Read the books: Anwar el-Sadat Autobiography, Revolt On The Nile (I had the first edition, hard to get now, and
    like a dummy, I gave it away....oh....)
    I[I know that my spelling is off].
    Last edited by Christina; 03-11-2011, 12:41 AM.

    Leave a comment:


  • gegev
    replied
    Re: Could Egypt inspire revolution in Azerbaijan?

    Remember that Mutalibov supporters are still in Azerbaijan. Alievs can't stay in power that long, just because of barking at Armenians that loudly, things can be reversed during a week. Azeris are fed up with Ilham promises/barking and waiting until the Kharabakh issue is settled; they know that the Arthakh land is lost forever! Soon the Egyptian scenario will be staged there, too. The opposition is just waiting for a good "reason" to start. #11March is inevitable.
    Last edited by gegev; 03-10-2011, 07:32 PM.

    Leave a comment:


  • Armanen
    replied
    Re: Could Egypt inspire revolution in Azerbaijan?

    Originally posted by retro View Post
    The problem with authoritarian type states is that they tend to be plagued by high level corruption. Unrepresentative government is not ideal and maybe the Armenian kettle shouldn't call the Azeris pot black.

    It's my understanding that the clerics in Azerbaijan are Iranics. Whilst some kind of Kurdish political class, lord over their "mentally challenged" Azeri slaves. Aliyev is a Kurd is he not?

    Are you implying that Armenia is an authoritarian state?

    Leave a comment:


  • retro
    replied
    Re: Could Egypt inspire revolution in Azerbaijan?

    Originally posted by Federate View Post
    Precisely why I want Azerbaijan to remain as authoritarian as possible.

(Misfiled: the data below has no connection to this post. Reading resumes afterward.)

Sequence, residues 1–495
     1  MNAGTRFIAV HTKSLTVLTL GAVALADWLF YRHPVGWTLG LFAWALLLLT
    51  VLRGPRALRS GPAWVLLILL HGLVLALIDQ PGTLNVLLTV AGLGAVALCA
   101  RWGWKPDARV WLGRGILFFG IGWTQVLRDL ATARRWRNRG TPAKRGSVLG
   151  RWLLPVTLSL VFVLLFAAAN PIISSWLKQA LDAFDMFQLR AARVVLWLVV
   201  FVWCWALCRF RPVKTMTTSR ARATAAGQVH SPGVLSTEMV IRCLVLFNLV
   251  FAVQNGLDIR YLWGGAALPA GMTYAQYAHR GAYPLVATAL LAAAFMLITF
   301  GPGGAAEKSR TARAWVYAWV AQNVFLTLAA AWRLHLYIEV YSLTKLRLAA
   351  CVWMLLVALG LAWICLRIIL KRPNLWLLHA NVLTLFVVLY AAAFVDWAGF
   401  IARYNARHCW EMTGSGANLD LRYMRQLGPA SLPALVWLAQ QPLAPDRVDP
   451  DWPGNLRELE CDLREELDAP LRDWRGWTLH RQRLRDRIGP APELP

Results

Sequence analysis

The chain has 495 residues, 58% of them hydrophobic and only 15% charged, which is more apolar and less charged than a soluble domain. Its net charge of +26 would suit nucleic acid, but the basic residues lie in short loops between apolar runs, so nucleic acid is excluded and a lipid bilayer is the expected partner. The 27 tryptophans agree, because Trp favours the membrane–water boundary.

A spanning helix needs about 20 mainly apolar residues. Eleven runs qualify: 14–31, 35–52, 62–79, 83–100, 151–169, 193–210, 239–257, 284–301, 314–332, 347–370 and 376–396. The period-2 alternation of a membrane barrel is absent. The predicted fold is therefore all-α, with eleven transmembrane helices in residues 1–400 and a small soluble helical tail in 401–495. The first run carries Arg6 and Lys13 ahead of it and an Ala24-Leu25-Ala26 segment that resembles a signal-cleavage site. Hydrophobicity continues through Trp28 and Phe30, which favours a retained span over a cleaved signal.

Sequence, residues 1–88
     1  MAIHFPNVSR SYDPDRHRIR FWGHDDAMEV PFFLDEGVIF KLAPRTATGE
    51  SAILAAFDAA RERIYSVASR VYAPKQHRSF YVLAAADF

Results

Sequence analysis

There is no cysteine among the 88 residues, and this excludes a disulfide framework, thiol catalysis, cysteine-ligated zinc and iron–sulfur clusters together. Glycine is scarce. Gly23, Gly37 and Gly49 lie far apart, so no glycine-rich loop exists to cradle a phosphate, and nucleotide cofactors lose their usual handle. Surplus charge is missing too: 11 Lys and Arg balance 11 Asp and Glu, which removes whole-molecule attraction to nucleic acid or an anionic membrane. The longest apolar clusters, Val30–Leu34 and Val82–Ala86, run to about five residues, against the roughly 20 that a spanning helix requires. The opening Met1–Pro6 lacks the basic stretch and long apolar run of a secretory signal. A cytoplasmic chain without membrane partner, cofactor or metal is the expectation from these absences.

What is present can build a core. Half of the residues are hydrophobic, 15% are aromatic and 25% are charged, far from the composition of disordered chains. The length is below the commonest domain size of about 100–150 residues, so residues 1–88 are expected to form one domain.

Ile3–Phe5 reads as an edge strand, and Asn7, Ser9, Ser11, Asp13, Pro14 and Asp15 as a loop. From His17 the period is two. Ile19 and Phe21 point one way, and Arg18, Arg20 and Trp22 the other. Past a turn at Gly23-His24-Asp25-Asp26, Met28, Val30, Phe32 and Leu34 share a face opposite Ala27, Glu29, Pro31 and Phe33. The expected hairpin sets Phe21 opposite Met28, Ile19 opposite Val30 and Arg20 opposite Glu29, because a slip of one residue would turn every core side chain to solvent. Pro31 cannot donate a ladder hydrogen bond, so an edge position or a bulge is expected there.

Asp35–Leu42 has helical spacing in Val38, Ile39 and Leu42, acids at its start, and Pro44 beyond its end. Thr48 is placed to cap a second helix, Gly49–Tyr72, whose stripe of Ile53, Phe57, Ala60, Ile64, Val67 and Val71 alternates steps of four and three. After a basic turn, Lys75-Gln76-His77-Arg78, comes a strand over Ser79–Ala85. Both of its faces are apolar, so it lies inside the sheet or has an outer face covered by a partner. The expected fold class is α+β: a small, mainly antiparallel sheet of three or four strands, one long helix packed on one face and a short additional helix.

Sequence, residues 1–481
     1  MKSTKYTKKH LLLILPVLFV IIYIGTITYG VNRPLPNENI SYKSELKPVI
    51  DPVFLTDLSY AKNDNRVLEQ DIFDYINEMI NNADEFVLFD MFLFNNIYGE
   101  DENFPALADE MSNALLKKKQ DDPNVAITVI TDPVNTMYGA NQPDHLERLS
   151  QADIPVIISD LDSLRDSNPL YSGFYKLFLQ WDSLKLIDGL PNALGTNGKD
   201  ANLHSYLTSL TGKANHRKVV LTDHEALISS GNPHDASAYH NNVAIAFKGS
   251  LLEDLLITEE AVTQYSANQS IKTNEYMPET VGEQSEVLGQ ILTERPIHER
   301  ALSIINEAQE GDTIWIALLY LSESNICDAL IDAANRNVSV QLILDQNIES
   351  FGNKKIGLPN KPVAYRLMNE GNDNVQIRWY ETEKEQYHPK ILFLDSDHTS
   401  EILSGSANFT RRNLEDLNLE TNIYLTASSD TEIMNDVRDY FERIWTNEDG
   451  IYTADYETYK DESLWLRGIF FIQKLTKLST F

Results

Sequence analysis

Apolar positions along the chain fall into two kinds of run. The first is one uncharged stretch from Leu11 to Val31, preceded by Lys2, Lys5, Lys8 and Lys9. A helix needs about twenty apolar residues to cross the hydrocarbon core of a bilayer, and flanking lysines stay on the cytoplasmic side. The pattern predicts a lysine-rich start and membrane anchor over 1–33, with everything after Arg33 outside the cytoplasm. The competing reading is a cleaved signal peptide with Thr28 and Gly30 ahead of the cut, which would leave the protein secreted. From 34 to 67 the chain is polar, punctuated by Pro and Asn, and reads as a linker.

Whilst it's a mistake to go though life wishing ill upon your enemies. I see that Aliyev has been hobnobbing with other low life crooks.

    The president and Andrew are said to be ‘close friends’ and Prince Andrew is oficially known as ‘the dear guest’ on his visits to the country.

    A source told the Daily Mail: “They appear to have common interests and a shared sense of humour. Andrew is always laughing at Ilham’s jokes, which are usually about women.”

    Paul Flynn, a Labour backbench MP, said: ‘The Royal Family has no business cultivating friendships with someone who has a record of being a

    brutal autocrat. The dear friends of today can end up being the murderous dictators of tomorrow. Azerbaijan is a very primitive democracy that doesn’t recognise human rights.’ Meanwhile, Tory MP Andrew Rosindel defended the Duke of York.

    "Azerbaijan is an oil-rich country which we could do an enormous amount of trade with," he said. “The fact that the Duke of York has built up strong relations with the leaders is a jolly good thing. I commend him for it and I think all he is doing is right.

    “Azerbaijan is not a country with our standards of human rights but there are many countries like that that we trade with.”

    read more:

    http://www.tntmagazine.com/tnt-today...#ixzz1GFUObBcQ

    Leave a comment: